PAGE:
Church and State

The strongest parts of Laudato Si’, the latest papal encyclical, are the first sections of Chapter Three, “The Human Roots of the Ecological Crisis,” where Pope Francis addresses the quest for limitless power that has been the dominant ambition of the Western world since the Renaissance: power over nature, and—since, as he points out, humanity is a part of nature—power over human society and the individual persons who compose it.  While acknowledging the benefits science and technology have brought in recent centuries, Francis reminds us that “nuclear energy, biotechnology, information technology, knowledge of our DNA, and many other abilities which we have acquired, have given us tremendous power.  More precisely, they have given those with the knowledge, and especially the economic resources to use them, an impressive dominance over the whole of humanity and the entire world.  Never has humanity had such power over itself, yet nothing ensures that it will be used wisely, particularly when we consider how it is currently being used.”  From the Christian perspective, the tendency (which is also a temptation) of modern men to idolize power for its own sake and to elevate man to Master of the Universe is more dangerous still.  This particular theme merits an encyclical of its own.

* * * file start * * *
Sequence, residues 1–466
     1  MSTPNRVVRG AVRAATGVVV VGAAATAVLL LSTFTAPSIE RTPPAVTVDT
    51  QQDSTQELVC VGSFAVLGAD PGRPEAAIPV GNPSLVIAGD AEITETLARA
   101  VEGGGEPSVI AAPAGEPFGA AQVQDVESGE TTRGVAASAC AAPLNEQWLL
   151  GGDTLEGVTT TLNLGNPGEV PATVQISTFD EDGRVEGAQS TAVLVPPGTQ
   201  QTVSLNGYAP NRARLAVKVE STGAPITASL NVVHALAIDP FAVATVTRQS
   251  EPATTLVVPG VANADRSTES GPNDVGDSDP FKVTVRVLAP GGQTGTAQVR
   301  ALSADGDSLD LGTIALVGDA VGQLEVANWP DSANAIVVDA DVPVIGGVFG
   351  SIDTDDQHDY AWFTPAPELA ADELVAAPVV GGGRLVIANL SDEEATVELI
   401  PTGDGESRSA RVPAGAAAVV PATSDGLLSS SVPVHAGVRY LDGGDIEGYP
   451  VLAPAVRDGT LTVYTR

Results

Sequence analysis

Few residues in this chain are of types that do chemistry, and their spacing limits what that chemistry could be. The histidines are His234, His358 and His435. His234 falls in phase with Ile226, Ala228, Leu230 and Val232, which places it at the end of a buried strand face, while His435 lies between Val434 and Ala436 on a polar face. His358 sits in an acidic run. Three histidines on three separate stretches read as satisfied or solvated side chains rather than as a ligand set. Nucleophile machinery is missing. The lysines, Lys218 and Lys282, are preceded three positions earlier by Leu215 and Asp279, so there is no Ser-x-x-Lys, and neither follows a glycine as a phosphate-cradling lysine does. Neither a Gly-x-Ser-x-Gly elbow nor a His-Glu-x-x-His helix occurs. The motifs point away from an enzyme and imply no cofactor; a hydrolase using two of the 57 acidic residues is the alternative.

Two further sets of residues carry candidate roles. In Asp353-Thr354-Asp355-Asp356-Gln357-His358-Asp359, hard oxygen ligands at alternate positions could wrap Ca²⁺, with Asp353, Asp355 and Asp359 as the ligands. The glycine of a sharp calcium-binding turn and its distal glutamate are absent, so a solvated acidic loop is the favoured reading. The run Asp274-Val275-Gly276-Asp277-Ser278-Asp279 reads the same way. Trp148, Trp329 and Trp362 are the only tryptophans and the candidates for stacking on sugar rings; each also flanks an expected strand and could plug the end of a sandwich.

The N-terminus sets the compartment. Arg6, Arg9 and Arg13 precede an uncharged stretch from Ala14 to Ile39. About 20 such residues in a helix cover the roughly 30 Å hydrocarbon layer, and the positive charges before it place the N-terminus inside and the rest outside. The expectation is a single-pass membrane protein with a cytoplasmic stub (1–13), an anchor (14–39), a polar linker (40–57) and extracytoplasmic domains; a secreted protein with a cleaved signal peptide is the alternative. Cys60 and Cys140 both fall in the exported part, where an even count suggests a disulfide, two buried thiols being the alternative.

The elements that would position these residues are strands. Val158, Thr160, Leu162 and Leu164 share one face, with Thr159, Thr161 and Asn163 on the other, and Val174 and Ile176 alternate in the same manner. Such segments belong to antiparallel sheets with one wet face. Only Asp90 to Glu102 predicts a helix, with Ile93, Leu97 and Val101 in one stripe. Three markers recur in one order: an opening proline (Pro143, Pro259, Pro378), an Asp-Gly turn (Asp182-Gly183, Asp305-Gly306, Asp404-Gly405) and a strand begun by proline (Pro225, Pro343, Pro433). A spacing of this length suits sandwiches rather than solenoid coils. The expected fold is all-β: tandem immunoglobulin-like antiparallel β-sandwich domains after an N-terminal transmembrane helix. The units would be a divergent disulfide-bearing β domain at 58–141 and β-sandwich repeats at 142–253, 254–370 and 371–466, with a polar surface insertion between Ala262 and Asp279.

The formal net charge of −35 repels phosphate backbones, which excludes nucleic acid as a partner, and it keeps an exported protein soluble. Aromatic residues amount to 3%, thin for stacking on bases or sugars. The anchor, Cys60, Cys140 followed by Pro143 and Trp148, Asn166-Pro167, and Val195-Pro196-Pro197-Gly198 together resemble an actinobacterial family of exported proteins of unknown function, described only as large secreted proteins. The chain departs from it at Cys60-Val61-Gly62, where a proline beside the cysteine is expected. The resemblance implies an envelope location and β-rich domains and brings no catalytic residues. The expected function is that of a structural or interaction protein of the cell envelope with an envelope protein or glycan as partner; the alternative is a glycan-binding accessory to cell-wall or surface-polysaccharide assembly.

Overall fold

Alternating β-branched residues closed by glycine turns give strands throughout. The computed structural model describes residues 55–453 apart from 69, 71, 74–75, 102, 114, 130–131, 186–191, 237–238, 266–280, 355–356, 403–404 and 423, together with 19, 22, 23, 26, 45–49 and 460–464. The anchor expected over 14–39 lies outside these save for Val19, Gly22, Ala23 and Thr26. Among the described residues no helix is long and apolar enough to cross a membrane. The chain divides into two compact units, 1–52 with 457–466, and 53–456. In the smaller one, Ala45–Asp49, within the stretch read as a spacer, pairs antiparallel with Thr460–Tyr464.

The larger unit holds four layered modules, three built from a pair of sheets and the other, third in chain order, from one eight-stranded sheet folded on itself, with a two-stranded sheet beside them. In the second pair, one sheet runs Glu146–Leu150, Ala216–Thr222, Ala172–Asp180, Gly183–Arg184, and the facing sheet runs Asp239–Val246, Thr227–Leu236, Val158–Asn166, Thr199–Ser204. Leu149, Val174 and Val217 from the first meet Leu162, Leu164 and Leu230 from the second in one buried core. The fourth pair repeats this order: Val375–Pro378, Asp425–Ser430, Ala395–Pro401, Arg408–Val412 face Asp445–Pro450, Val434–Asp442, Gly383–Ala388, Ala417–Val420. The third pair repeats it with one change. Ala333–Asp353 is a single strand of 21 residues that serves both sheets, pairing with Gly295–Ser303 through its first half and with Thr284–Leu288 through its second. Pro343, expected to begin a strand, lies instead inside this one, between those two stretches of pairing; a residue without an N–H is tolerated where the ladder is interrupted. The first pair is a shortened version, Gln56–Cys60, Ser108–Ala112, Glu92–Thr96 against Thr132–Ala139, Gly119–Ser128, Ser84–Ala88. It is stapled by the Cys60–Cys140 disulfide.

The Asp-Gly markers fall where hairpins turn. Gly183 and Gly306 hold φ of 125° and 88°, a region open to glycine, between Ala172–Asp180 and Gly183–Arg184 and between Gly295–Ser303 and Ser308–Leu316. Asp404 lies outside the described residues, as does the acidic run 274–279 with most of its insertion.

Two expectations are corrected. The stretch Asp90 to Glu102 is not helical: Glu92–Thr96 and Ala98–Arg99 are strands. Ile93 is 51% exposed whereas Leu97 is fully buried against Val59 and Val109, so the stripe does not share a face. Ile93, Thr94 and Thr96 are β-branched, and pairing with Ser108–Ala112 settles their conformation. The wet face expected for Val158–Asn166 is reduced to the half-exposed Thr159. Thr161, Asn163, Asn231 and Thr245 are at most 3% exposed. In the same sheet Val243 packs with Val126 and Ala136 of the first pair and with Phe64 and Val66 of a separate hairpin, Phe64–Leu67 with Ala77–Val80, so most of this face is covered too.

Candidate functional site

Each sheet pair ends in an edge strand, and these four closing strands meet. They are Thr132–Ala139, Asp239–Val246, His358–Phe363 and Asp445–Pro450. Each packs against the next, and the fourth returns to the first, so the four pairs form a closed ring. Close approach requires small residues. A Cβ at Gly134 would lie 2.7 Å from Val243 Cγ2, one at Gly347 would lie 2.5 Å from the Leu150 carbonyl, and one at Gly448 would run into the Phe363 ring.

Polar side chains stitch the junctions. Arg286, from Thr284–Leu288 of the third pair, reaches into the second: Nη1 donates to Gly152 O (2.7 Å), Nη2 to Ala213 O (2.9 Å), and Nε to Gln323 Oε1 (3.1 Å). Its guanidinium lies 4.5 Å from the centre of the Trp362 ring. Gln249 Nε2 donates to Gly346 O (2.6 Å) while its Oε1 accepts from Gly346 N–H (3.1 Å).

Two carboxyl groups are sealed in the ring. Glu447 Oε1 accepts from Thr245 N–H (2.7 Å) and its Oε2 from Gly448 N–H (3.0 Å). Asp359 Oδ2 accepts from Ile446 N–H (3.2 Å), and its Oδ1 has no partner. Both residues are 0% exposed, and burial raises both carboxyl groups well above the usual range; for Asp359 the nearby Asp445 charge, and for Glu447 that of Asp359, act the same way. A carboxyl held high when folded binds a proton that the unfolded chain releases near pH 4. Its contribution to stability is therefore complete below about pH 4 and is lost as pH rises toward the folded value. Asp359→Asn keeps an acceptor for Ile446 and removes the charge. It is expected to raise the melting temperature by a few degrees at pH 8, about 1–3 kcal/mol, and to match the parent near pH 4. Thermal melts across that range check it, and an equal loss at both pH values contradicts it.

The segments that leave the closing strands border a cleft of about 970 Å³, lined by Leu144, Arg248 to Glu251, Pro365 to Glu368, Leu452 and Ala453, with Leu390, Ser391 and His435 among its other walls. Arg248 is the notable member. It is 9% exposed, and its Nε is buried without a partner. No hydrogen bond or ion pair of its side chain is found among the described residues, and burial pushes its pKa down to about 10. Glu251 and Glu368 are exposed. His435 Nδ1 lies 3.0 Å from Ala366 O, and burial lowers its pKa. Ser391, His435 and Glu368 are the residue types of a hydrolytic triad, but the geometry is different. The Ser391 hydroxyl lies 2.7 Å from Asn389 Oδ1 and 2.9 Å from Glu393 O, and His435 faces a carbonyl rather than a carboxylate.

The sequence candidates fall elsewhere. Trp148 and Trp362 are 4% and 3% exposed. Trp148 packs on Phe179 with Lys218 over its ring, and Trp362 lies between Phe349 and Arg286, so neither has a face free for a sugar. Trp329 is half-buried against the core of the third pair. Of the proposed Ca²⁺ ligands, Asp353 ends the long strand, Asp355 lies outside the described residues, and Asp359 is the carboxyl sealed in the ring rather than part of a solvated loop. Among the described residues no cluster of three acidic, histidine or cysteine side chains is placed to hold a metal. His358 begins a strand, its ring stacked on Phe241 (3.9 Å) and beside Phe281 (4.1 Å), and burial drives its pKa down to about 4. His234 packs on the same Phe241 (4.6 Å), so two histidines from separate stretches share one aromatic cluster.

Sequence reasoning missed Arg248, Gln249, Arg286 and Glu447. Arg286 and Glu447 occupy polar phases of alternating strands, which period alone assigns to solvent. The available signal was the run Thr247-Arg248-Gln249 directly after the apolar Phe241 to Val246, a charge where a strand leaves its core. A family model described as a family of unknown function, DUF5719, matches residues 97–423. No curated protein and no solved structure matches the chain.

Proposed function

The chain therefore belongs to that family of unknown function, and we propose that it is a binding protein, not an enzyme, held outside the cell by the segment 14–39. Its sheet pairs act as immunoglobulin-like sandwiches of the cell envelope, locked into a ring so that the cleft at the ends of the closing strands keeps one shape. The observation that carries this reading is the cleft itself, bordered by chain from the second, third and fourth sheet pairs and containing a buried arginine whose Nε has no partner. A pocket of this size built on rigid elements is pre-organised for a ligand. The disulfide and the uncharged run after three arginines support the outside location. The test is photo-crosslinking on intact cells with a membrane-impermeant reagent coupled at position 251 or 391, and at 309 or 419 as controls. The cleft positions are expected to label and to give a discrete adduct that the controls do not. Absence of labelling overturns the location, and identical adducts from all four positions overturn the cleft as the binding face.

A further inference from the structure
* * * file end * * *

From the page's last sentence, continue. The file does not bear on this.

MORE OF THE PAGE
Laudato Si’ has three principal subjects: man’s responsibility...

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